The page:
Rev. Dr. Yamaoka Spreads Dharma on Social Media — One Line at a Time

After he retired from the Buddhist Church of Oakland in 2008, Rev. Dr. Seigen Haruo Yamaoka’s youngest daughter Stacy urged him to keep socially active — and signed him up on Facebook and Twitter.


He’s been hooked on social media ever since — nearly a decade and almost 4,000 pithy posts ago.


Rev. Dr. Yamaoka shows no sign of stopping with his daily ritual, to the delight of many of his more than 2,000 followers on Facebook. He lists the same brief message each day on Twitter, where his handle is @life_simple.


“It’s what moves me at that particular time,” he said. “It’s something that comes in a moment. It’s whatever I think at that time, or if a word kind of strikes me, I try to put it together, or if an idea comes to mind or a situation that’s happening in the community, I try to put that in somehow.”


“Higan. Cross over to love rather than drowning in hate.”


— Rev. Dr. Seigen Yamaoka (March 21, 2021)



Writing, after all, was Rev. Dr. Yamaoka’s first calling, and he graduated with a bachelor’s degree in journalism from Fresno State in 1956.


But the 1950s were far different times for Japanese Americans, who faced widespread discrimination and public hostilities and barriers to employment in mainstream society.


After failing to get a good job with a mainstream newspaper, Rev. Dr. Yamaoka turned to the BCA. One thing led after another, and he’s compiled an amazing career with the BCA and IBS -- serving as Bishop and as IBS President, 44 years as a Kaikyoshi minister for both the Stockton and Oakland churches and spearheading major BCA capital campaigns.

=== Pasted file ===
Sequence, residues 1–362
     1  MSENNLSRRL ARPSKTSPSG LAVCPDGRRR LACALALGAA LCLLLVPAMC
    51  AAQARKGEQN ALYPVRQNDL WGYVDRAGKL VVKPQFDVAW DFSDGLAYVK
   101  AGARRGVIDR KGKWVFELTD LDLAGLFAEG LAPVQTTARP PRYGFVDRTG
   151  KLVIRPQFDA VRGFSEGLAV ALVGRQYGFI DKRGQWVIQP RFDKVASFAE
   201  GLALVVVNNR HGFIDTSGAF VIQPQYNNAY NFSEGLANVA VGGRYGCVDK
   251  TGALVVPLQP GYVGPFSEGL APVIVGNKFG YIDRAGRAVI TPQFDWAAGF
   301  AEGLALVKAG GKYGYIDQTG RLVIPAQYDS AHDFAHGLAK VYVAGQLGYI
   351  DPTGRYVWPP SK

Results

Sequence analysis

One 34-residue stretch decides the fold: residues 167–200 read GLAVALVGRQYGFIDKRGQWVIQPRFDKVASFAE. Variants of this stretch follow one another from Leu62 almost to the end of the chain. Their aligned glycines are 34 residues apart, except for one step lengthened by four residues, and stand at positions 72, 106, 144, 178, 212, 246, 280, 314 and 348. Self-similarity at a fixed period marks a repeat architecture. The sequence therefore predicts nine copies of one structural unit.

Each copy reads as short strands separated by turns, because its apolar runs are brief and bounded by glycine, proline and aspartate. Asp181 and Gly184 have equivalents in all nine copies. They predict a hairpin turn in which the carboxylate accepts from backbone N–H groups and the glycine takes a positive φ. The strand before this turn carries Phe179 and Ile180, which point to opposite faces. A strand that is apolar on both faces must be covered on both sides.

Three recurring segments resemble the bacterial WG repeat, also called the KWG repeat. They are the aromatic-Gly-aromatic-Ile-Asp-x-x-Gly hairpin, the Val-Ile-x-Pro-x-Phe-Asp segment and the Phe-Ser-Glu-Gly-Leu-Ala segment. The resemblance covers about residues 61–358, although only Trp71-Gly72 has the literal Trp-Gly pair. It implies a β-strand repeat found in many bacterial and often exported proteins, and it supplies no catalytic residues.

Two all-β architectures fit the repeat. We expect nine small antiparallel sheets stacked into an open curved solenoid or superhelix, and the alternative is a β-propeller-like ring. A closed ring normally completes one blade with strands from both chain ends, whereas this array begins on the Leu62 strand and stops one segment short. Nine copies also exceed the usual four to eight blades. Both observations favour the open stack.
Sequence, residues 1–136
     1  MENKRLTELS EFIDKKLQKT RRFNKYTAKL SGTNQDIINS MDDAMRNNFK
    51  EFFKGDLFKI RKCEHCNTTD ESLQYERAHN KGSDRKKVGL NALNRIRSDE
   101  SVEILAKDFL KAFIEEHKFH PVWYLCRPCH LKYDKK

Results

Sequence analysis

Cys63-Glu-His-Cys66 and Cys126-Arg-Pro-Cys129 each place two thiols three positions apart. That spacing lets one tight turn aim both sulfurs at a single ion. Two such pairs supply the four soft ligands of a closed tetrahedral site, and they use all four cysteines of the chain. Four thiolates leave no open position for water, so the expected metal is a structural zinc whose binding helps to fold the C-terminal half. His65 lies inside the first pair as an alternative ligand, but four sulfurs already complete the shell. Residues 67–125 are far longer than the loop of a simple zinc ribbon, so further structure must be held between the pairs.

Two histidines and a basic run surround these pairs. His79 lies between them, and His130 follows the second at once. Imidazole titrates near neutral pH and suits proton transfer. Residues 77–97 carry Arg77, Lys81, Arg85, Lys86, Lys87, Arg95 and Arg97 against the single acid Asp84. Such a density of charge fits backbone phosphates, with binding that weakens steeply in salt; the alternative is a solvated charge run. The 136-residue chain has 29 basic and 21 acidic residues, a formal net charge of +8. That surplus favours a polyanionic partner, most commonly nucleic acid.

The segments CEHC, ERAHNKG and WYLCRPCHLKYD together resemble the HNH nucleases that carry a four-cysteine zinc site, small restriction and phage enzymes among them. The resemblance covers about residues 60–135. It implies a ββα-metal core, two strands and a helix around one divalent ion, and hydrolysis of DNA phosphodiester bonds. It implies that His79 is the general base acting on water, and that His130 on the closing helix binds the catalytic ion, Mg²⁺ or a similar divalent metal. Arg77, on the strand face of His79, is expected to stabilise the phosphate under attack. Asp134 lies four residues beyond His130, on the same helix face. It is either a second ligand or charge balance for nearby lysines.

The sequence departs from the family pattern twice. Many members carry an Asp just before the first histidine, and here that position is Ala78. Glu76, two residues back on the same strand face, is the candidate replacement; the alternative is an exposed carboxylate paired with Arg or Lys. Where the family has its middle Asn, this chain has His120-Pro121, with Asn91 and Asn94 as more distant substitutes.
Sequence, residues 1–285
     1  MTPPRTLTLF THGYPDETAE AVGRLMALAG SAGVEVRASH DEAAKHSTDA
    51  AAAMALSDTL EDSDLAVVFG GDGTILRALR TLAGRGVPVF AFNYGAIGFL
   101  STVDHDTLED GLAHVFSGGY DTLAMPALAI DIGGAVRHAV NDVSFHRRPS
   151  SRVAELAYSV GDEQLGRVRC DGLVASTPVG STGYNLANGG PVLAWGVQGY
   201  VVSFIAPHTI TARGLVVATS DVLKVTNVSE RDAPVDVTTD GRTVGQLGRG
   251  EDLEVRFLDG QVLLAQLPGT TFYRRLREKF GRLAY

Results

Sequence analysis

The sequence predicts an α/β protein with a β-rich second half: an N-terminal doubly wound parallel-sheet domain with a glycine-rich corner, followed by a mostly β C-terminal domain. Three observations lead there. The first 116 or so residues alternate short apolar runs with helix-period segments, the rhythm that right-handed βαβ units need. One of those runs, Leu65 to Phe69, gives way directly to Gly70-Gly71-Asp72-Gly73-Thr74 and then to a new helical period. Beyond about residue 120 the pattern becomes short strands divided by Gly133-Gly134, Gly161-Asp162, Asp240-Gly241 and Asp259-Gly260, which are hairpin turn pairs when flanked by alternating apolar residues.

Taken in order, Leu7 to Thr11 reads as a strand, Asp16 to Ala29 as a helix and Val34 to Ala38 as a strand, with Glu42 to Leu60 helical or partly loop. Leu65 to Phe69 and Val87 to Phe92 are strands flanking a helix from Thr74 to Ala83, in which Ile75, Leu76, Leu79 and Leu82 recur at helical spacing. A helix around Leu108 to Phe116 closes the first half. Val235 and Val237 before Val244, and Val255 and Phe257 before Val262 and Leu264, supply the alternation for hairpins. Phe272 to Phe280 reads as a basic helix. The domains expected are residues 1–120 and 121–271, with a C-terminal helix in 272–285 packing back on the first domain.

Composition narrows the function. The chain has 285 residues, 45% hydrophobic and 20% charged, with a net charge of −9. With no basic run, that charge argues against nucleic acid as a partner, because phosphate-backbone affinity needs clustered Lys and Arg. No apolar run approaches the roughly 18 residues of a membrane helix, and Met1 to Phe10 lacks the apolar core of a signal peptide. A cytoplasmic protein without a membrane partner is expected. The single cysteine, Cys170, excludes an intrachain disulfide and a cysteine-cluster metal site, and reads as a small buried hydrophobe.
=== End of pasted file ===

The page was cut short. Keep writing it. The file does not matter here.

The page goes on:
“Never lose sight of the fact that we are dependent on countless lives to live.”


— Rev. Dr. Seigen Yamaoka (Nov. 16, 2020)


He says he began venturing into social media because he wanted “to be out there for our (Oakland) church members and for young people who go on to college. In case they ran into some difficulties, they could always contact me.”


He tags each message on Facebook and Twitter with the hashtag #shin-ibs.edu — and links it to the Institute of Buddhist Studies website. (https://www.shin-ibs.edu)


“Today I lost the love of my life of 52 years. Feeling deep sadness and gratitude for the life we shared.”


— Rev. Dr. Seigen Yamaoka (Aug. 4, 2018)


Rev. Dr. Yamaoka’s posts are almost always somewhat impersonal. But he broke with that norm on Aug. 4, 2018 — a day his wife, Shigeko, passed away.


“Usually I don’t get too personal about myself, but that one was very important,” he said.


“You know, for me, it’s not a big project,” he said. “It’s something I just kind of do as part of my ritual. The whole idea of the Buddhist side of it is always in every message — in my mind, whether I say it or not. It’s something to do with life or death or something that’s going on — the lack of compassion in the world — or whatever. The idea of Buddhism, of Jodo Shinshu, is always in there.”